There are many personal finance gurus out there, and they offer wildly different advice in some areas. But there is one thing that almost all financial professionals recommend – an emergency fund.
What is an emergency fund?
Before we discuss what an emergency fund is, we need to define a financial emergency.
An emergency is an expense you could not anticipate. Holiday gift-giving is not an emergency, but a leaky roof after a storm is.
Your emergency fund, then, is money you set aside to cover unpredictable one-time costs. These generally fall into the categories of home emergencies (like the roof), transportation emergencies (like an unexpected car repair), and medical emergencies (like an emergency-room trip).
In general, the more closely you budget and plan, the fewer “emergencies” you will have. You might decide, for instance, to put $50 a month into a fund for car repairs. After doing that for a while, an emergency that couldn’t be covered by that car repair fund would only happen if there was a very large need.
Why should I have an emergency fund?
Emergency funds help keep a bad situation from getting worse. Generally, there are very few “good emergencies.” When you’re in a bad situation, you don’t want the added stress of not knowing how you might fund what is needed.
You also want to be sure that an emergency doesn’t leave you in more debt, which again would compound the original issue.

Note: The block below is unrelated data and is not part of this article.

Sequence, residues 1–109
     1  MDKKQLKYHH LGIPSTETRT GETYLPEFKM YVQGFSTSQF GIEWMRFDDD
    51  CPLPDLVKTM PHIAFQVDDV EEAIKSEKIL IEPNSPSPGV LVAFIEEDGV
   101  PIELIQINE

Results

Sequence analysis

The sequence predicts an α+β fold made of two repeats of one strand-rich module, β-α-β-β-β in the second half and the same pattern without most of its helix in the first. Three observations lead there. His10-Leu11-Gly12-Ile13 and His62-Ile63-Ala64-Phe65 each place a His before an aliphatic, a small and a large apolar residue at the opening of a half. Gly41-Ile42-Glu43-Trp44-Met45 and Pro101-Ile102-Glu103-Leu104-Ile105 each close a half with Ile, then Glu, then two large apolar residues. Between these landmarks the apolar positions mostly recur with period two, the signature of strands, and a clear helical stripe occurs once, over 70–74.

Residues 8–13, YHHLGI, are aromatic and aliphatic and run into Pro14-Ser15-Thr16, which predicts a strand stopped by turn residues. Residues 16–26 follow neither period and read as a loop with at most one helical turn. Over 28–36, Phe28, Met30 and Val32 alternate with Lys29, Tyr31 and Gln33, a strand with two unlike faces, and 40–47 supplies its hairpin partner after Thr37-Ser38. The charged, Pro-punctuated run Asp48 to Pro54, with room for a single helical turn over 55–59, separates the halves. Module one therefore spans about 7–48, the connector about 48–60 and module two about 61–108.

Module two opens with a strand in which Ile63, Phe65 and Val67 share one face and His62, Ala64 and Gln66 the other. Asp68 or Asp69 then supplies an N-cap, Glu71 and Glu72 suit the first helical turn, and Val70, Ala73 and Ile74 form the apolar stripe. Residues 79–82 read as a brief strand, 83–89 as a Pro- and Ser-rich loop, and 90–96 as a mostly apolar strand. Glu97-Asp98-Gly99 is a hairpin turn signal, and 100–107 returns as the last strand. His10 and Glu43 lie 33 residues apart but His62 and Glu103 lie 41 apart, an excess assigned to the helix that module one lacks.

Having money set aside that can be used when something goes wrong is a great investment in your family and your peace of mind.
How can I get money saved for an emergency fund?
First of all, make sure your emergency fund money is not stored in your main bank account. It is too easy to spend down the money when it is stored in a day-to-day account, so make sure this fund is kept in a separate account, or in cash. It should be easily accessible, but not easy to spend accidentally.
If you currently have no emergency savings, even the idea of saving up $1,000 may be hard to imagine. You should absolutely make it a habit to contribute a certain amount to this fund every month, but even adding $50 at a time, it will take a while for your fund to build up.
That’s why it’s good to do an emergency fund jump-start. Using this method, you find something that can raise $500 to $1,000 in a short amount of time to kick off your savings.
- Hold a yard sale
- Take on a temporary part-time job
- Sell unneeded bigger-ticket items online
- Have a “no-spend” week where you try not to make any purchases
Strategies like these, especially when combined, can do a lot to jump-start your emergency savings.
If you want to know more about planning for financial emergencies, we can help. Contact us today to schedule your appointment. Email Cinda@CowderyTax.com or call 740-374-6942, or simply fill in the form below.